These sensitive foods not only cause widespread inflammation that shows up on your skin, they also mess up your balance of gut flora (good vs. bad bacteria). Taking probiotic supplements (friendly gut bacteria) is extremely beneficial in restoring the gut flora and improving skin conditions.
Food sensitivities also result in a leaky gut (intestinal permeability). Therefore, you need to stop eating the sensitive foods. Try an elimination diet by cutting out the culprit foods (like the ones mentioned above) for a month and see how you feel. If any of your health symptoms improves, you probably have a sensitivity towards the foods.
What’s more, many people whose gut is unhealthy develop chronic, low-grade gut infections from parasites, bacteria, and yeast. These infections can be treated with antibiotics or prescription meds which is the fastest option, but there are also anti-microbial botanicals that are just as effective (and without the side effects of drugs) and can be used to address your gut infections.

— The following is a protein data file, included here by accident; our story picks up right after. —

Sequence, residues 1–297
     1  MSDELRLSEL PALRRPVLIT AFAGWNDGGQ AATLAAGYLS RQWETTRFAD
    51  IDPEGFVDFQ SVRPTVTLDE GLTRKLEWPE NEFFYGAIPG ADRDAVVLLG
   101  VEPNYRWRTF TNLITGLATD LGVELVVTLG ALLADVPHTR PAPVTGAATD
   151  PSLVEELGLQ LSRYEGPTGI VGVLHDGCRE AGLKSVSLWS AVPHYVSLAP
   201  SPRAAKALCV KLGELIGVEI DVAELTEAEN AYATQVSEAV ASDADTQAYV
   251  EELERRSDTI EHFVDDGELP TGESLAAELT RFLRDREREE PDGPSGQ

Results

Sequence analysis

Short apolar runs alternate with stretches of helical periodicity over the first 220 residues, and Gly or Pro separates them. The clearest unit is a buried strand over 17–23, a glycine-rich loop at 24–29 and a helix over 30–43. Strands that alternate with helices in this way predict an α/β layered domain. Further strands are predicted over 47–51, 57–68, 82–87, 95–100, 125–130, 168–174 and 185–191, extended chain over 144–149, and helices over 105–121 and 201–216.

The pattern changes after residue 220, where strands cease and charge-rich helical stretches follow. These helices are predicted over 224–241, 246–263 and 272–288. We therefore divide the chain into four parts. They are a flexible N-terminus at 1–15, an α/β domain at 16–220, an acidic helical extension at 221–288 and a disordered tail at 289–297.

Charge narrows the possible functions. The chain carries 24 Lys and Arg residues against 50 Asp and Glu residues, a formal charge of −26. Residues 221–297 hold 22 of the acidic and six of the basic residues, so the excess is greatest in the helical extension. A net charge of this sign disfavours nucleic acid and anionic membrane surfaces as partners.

Acne that has a hormonal component often flares up at predictable times due to the cyclical nature of hormones during certain phases of the menstrual cycle. For many women, the week before the menstrual cycle is the time when symptoms peak. Be aware that certain dietary factors may further aggravate the imbalances in your entire hormonal system.
When you keep eating your sensitive foods, your body responds to the constant irritation by upping its production of the stress hormone cortisol, which has an effect on the levels of your sex hormones.
Too much caffeine, which is a stimulant, can wreak havoc on your hormonal system.
A diet with a high ratio of omega-6:3 fatty acids results in the production of hormones that increase inflammation.
Eating too much sugar and carbohydrates results in higher insulin and testosterone levels.
Chemicals like flame retardants (from sleeping pillows made of polyurethane foam, vehicle seats, and sofas), parabens and phthalates (from shampoos and make-ups), and other plastic-related chemicals are major hormone disruptors. Avoid them as much as you practically can. Be aware that many over-the-counter acne creams are also loaded with parabens and phthalates.